Broken Wings (Broken Wings 1) - Page 128

“Did not,” he said, smiling.

“Close to it.”

“What’s your name?”

“Phoebe Elder.”

“What class are you in?”

“How to be a millionaire.”

“What?” He laughed. “C’mon.”

“They put me in some remedial reading class for the time being because I read like someone who just came from another country. I’m not staying here long, so I don’t care.”

“Where you going?”

“Back to my apartment in Atlanta, one way or another,” I told him.

“Sure,” he said. He turned away, and then he turned back and gave me a cigarette.


“I should give you the whole pack. I wish you had asked me this morning and I had,” he moaned.

“Maybe your daddy will get him to take you back on the team.”

“My mother will try to get him to do that, but my father’s a hard guy. He’ll tell me I deserved worse and even call the coach and thank him for throwing me off the team. He was a marine.”

“Your daddy was?”

“Yeah, and he never lets me forget it, so don’t complain about your aunt.”

“Who says she wasn’t a marine, too?” I told him, and he laughed again.

I liked his smile. When he relaxed his lips, his eyes brightened like two candles of crystal blue light. He had a very small dimple in his left cheek, too. It flashed when he smiled.

“I get off here,” he said as the bus came to its first stop. “Wish me luck.”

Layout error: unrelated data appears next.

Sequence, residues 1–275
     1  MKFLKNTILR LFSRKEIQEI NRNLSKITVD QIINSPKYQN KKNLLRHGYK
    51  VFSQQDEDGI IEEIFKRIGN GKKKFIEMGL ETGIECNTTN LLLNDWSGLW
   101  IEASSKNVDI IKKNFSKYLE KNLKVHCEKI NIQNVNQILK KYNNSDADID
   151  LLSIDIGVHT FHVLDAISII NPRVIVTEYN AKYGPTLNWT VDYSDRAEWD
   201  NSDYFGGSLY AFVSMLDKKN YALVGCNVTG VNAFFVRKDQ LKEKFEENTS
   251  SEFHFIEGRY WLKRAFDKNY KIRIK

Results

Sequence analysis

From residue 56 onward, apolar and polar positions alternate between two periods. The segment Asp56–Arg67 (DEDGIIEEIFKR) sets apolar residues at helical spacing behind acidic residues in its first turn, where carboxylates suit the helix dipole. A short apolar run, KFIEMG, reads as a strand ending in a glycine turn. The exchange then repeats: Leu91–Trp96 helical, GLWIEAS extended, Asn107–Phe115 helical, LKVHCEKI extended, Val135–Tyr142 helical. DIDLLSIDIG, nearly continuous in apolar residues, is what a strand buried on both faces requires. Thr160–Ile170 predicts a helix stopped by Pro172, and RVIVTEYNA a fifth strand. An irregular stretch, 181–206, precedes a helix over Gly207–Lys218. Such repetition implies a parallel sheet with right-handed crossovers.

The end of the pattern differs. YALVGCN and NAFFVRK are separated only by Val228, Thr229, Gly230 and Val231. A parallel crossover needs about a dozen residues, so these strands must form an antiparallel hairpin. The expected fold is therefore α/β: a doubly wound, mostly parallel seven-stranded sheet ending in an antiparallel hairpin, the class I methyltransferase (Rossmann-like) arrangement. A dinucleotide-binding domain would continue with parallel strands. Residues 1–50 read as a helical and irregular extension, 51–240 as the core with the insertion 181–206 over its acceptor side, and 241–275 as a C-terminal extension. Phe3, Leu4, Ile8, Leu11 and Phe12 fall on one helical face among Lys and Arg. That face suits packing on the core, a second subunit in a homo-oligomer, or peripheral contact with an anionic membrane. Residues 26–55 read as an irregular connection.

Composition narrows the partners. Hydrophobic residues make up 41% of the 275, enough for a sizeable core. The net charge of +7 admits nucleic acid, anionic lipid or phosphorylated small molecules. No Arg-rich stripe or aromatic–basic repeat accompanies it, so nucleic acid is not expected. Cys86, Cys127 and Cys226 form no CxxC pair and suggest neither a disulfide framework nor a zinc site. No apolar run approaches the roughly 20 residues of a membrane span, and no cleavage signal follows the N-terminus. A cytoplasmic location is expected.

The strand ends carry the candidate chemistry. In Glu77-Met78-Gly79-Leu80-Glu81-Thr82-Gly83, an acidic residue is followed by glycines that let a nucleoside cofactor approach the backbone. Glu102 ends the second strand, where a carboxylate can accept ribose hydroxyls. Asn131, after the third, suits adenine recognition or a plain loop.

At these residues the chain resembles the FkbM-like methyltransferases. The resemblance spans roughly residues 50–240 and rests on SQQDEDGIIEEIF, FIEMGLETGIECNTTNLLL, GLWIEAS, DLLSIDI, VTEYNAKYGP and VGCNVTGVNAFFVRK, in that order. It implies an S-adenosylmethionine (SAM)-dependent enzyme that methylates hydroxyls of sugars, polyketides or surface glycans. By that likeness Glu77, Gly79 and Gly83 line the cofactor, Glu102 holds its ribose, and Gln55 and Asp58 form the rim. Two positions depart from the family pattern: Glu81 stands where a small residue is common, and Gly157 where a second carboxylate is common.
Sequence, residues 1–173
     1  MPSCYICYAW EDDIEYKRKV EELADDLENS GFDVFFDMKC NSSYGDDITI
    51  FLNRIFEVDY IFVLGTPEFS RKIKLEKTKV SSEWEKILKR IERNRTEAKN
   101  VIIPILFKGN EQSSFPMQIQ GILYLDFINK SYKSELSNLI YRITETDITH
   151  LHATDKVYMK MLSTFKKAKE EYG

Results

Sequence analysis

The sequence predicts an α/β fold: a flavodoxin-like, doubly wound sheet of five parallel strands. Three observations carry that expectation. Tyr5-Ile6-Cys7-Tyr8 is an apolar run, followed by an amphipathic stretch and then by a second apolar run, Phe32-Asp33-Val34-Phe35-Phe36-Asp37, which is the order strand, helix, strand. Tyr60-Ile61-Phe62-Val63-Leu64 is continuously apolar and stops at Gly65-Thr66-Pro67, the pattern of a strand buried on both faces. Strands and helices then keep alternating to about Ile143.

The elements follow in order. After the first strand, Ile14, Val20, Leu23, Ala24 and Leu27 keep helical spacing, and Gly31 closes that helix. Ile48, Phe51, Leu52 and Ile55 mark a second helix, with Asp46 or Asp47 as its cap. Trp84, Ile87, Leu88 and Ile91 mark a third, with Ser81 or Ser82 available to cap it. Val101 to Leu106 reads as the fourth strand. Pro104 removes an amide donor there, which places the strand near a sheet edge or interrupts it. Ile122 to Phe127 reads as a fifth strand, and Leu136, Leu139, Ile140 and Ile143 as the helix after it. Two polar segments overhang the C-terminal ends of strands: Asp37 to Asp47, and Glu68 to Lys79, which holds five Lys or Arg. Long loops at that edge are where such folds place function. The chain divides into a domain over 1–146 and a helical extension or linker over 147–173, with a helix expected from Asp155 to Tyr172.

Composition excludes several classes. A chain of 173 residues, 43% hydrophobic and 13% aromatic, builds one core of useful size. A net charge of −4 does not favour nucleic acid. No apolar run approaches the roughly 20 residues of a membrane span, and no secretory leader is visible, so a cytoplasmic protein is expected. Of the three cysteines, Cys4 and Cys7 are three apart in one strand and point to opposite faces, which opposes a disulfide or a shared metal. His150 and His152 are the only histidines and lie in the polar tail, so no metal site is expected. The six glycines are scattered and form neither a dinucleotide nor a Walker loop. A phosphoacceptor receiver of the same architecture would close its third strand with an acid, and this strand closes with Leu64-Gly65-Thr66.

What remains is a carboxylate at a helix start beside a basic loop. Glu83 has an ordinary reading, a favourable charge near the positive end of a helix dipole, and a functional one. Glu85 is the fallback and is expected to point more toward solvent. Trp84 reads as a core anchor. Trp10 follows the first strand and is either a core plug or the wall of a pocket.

“Good luck,” I said as I stood to let him out. He brushed very close to me, pausing to look into my eyes, and then smiled again.

“How do I get into remedial reading class?” he teased.

“Flunk everything,” I told him, and he laughed.

“See you tomorrow if I’m still alive.”

“Same for me,” I called after him. He waved as he went down the bus steps.

Then I flopped back into my seat. When I turned to look at Barbara Ann, I saw she was glaring at me, looking more like her mother now, her eyes full of suspicion and criticism, as if it came natural.

“How come you were talking to that boy?” she asked when we reached our stop and got off.

“Don’t they let black girls talk to white boys here?”

“I don’t mean that. He’s on the basketball team. I saw him at the game. Shouldn’t he be at practice?”

“You’re awful nosy for an eight-year-old girl,” I told her. “Watch you don’t get it caught in a door.”

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